by Sara Benincasa
Expected Publication Date: April 8, 2014
Length: 272 pages
Obtained Via: I was given a copy of this book in exchange for an honest review via Edelweiss from the publisher. I was not compensated for this review, and this is no way affects my opinion of the book.
Format Read In: E-ARC
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In Sara Benincasa’s contemporary retelling of The Great Gatsby, a teenage girl becomes entangled in the drama of a Hamptons social circle, only to be implicated in a tragedy that shakes the summer community.
Everyone loves a good scandal.
Naomi Rye usually dreads spending the summer with her socialite mother in East Hampton. This year is no different. She sticks out like a sore thumb among the teenagers who have been summering (a verb only the very rich use) together for years. But Naomi finds herself captivated by her mysterious next-door neighbor, Jacinta. Jacinta has her own reason for drawing close to Naomi-to meet the beautiful and untouchable Delilah Fairweather. But Jacinta’s carefully constructed world is hiding something huge, a secret that could undo everything. And Naomi must decide how far she is willing to be pulled into this web of lies and deception before she is unable to escape.
Based on a beloved classic and steeped in Sara Benincasa’s darkly comic voice, Great has all the drama, glitz, and romance with a terrific modern (and scandalous) twist to enthrall readers.
I feel I should start this review by saying that Great absolutely worked for me, and I don’t expect it to work for many readers. Why? Well, as a Great Gatsby retelling, the characterization stays pretty close to the original. And if you don’t know what that means, basically 95% of the characters in Great are people you would want to punch in the face. If you like sympathetic or likable characters, Great is not the book for you. If you’re interested in a modern retelling with a stunning atmosphere, and a sense that something is going to go wrong any moment, well then, you might want to pick this book up.
As a retelling, Great stays pretty close to the original in terms of basic plot. I knew something awful was going to happen, but the entire time I was holding my breath, hoping I was wrong and that maybe Great could have a happier ending than it’s source material. Naomi provides an outsider perspective to the Hamtpon socialites she finds herself hanging with that summer. She meets Jacinta at the start and becomes friends. Jacinta is. . . Jay Gatsby, which made the gender flips quite interesting. Daisy becomes Delilah, and Naomi is the person they need to help them reconnect, which she does without even knowing.
Throughout the entire time of Great, you really get that Naomi is an outsider in this world that the other inhibit all the time, and you wonder what Jacinta’s hiding. Even knowing the original source material(though reading this reminded me I really need to brush up on my Gatsby knowledge), I kept waiting for the other shoe to drop, wondering what it would be this time. It becomes evident early on that Teddy, Delilah’s boyfriend, isn’t going to let Jacinta off the hook so easily. He plays around with the truth until everyone suffers for it.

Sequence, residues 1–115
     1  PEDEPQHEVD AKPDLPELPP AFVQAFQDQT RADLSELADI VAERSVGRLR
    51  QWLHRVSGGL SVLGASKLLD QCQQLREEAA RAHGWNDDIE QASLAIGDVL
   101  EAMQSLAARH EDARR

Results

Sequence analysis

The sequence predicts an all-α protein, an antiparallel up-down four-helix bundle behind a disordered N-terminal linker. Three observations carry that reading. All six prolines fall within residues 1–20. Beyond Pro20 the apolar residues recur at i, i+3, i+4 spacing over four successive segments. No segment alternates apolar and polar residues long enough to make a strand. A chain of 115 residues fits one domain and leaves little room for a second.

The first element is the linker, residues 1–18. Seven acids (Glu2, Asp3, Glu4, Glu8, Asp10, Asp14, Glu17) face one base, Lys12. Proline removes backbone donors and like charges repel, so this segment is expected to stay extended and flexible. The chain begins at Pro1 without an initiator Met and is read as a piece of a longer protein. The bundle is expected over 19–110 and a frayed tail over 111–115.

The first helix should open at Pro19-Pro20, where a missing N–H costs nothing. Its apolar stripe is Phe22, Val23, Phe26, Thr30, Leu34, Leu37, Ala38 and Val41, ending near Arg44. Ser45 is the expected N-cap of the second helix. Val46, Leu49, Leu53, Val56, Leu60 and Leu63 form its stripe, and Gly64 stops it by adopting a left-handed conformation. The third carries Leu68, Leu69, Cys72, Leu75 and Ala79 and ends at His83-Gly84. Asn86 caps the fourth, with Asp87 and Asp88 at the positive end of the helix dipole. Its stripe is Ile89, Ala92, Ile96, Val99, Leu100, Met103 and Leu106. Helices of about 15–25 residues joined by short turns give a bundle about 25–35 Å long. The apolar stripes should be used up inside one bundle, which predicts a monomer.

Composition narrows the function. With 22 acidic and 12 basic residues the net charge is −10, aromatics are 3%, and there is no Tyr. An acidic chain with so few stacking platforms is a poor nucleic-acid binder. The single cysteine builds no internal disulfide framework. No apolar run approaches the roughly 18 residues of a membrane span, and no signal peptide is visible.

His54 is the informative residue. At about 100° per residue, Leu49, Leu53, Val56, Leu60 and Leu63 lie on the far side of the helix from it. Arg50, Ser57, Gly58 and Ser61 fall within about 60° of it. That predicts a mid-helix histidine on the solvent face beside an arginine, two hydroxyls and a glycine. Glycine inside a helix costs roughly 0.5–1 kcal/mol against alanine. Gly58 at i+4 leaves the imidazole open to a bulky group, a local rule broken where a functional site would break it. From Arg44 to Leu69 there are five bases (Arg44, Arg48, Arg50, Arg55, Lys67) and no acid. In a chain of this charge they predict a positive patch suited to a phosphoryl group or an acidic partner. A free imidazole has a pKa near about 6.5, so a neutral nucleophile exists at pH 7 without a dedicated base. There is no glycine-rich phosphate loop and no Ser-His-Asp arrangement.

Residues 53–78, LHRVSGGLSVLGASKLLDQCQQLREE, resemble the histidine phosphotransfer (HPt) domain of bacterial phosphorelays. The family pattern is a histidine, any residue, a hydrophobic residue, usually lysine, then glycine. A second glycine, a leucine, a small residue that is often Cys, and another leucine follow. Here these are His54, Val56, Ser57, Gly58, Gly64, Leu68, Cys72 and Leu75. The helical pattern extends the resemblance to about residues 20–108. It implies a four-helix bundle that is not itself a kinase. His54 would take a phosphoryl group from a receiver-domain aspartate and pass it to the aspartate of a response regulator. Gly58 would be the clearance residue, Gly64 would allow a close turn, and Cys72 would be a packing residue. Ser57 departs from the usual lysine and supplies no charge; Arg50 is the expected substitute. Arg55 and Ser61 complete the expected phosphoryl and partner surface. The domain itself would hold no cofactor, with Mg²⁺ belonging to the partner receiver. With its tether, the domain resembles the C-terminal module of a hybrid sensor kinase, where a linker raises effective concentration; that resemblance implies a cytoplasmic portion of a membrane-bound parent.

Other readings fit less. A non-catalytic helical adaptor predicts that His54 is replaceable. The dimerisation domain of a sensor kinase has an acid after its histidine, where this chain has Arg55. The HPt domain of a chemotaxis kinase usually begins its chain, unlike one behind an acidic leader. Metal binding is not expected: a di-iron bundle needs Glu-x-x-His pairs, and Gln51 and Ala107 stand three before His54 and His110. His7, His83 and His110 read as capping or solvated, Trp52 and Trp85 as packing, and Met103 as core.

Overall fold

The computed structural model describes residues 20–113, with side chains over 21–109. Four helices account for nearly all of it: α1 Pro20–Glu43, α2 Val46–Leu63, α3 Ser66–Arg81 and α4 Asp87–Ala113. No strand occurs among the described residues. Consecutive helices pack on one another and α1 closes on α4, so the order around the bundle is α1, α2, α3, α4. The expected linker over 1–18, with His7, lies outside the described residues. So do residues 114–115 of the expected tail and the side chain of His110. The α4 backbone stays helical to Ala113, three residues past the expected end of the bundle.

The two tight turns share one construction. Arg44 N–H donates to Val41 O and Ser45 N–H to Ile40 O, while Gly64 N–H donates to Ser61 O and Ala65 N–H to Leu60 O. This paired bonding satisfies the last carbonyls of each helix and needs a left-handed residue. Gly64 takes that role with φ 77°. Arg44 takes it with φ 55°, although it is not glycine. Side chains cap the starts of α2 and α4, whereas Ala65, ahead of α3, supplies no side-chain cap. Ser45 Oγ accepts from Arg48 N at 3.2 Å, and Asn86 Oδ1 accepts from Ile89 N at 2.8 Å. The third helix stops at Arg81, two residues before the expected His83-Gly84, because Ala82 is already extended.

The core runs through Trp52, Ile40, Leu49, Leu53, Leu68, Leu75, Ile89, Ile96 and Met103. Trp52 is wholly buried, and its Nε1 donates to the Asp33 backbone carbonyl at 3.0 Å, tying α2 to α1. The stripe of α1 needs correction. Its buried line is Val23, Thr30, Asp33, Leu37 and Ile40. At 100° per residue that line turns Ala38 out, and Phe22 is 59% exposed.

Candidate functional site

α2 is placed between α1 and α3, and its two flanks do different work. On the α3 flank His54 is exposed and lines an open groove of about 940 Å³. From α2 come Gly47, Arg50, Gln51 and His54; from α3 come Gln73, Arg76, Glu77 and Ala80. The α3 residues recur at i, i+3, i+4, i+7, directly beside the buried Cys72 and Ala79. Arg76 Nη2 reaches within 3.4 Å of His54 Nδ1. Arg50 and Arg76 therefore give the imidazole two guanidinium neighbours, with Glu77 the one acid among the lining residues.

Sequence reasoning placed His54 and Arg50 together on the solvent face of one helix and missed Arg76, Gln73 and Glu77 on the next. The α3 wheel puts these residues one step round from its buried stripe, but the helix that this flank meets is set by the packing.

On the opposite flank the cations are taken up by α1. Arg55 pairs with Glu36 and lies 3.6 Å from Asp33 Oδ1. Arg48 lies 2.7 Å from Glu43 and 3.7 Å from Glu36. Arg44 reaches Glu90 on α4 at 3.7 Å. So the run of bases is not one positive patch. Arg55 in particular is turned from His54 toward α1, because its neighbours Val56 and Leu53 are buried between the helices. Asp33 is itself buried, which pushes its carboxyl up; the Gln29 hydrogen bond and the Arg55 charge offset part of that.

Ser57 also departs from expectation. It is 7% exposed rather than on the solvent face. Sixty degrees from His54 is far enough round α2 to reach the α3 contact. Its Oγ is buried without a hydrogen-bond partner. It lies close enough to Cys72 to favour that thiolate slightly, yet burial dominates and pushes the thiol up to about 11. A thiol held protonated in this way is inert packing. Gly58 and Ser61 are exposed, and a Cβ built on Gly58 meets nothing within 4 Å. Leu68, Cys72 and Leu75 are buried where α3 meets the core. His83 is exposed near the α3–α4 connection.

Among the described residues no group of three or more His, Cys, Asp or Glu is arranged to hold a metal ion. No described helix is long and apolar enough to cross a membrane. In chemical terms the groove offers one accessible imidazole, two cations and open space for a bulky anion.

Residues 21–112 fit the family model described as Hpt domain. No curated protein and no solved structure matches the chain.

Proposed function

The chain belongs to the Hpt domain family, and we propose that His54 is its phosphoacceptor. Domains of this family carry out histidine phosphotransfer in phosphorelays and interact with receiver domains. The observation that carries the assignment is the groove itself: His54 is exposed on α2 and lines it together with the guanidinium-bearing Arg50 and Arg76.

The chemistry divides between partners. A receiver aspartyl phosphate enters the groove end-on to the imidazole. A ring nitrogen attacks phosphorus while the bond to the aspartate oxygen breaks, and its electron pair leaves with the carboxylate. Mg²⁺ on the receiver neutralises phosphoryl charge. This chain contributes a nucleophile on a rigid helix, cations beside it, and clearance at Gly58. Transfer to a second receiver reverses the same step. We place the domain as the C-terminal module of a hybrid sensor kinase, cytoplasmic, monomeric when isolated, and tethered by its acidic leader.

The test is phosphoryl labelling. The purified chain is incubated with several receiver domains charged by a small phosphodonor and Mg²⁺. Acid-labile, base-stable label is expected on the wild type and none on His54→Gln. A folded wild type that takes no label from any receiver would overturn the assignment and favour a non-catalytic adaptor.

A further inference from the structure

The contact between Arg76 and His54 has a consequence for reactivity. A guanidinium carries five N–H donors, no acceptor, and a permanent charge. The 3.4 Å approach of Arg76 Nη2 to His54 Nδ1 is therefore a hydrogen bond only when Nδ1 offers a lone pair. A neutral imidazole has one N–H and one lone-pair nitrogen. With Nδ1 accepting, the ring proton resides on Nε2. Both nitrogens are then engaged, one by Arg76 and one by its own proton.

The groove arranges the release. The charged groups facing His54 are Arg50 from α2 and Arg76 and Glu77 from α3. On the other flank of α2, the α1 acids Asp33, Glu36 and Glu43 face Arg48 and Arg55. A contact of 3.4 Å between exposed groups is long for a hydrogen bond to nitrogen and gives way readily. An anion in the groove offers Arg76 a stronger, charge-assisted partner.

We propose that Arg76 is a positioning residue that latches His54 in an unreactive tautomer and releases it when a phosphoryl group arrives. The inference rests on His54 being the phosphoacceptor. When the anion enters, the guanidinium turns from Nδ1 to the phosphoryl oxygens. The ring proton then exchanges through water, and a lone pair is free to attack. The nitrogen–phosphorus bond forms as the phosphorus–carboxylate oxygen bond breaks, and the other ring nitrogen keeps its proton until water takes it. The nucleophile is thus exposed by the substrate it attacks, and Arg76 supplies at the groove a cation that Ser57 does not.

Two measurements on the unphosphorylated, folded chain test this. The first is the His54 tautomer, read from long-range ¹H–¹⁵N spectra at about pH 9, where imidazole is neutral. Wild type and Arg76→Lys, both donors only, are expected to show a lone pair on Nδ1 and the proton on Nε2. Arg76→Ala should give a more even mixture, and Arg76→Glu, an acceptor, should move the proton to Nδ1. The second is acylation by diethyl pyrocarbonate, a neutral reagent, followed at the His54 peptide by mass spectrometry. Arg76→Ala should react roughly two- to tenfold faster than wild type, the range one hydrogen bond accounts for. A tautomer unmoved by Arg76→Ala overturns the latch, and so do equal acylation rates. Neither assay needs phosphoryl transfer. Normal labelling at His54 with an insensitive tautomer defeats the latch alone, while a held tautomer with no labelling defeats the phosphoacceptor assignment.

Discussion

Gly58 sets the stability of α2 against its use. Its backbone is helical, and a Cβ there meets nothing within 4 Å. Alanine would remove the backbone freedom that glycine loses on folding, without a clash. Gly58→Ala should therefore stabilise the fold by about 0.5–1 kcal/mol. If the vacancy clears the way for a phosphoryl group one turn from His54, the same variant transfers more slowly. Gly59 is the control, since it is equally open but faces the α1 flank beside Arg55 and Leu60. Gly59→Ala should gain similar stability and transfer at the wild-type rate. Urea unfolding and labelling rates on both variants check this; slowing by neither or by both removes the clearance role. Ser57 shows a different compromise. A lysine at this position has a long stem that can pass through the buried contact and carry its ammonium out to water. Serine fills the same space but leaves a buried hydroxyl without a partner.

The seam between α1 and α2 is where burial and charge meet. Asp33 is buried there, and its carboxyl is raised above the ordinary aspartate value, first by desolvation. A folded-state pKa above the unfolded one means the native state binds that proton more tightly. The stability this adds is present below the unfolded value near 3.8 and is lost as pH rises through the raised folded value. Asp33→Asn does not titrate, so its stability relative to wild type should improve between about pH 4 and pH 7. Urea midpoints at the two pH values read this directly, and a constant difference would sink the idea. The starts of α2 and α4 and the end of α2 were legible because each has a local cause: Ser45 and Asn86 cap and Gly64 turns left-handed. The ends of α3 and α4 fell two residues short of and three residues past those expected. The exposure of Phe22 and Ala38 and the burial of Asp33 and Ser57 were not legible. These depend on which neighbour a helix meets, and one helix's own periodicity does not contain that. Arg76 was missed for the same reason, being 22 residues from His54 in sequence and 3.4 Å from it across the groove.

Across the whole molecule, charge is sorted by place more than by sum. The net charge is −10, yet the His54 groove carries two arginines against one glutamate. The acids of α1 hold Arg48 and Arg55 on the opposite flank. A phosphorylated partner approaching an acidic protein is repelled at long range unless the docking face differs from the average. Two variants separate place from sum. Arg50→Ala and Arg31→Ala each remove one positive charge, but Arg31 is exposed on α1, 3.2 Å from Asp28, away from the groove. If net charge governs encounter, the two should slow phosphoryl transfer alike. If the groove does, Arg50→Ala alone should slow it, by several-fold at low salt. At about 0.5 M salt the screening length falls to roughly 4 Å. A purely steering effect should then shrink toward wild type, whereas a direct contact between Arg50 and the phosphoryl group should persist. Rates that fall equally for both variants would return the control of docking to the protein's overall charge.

Much like the original story, there’s a whole discussion surrounding class, social privilege, and in this incarnation, gender and sexuality issues waiting to be explored. If I had a complaint with Great, it might be that the book didn’t dive into these issues nearly enough. I would have liked to see more consideration of the changes Benincasa made to the characters.
“We’re all snobs, honey,” She said. “I just say it’s how I was raised.”
“It’s not how I was raised,” I said.
“Sure,” Olivia said. “You’re here, at this fabulous party, with all these fabulous people, all of us looking fabulous in white, drinking the same wine and eating the same food, listening to the same hired band in the same backyard of the same mansion–and you’re different?” She laughed a nasty little laugh. “Sure you are.”
(Quote taken from Advanced Reader’s Copy and should be checked against final publication). The questions raised in this quote–Is Naomi a much a snob as the rest of them are? could have been explored more in the book, but I think, ultimately, in many ways it was. At the end of the book, we see everyone deal with a problem in different ways, and it’s clear Naomi’s reaction is the one most of us would have. The other characters in the book, used to skirting around rules and playing their privilege cards in their favor, have a different idea of how to deal with it.
And then there’s Jacinta, who is just endlessly fascinating. She builds a certain life, and all around her everyone tries to tear it down, and even though this is a retelling, I was on the edge of my seat wondering how she would react in the end. I don’t want to give anything away, but I will say it was fitting considering her character–and not just as the Gatsby character, but the characteristics Benincasa gave her.
All in all, Great was a fitting modern retelling set in the Hamptons. Naomi’s outsider perspective was done really well–the entire time, she perches on a ledge being being an outsider and getting swept up in this world. But Jacinta as the Gatsby character was completely fascinating, and every time she was on the page I wondered what she was going to do next. Considering the changes Benincasa made, I did think Great missed an opportunity to explore some of that social commentary more, but it’s definitely there if you want to dig below the surface. 4/5 cupcakes.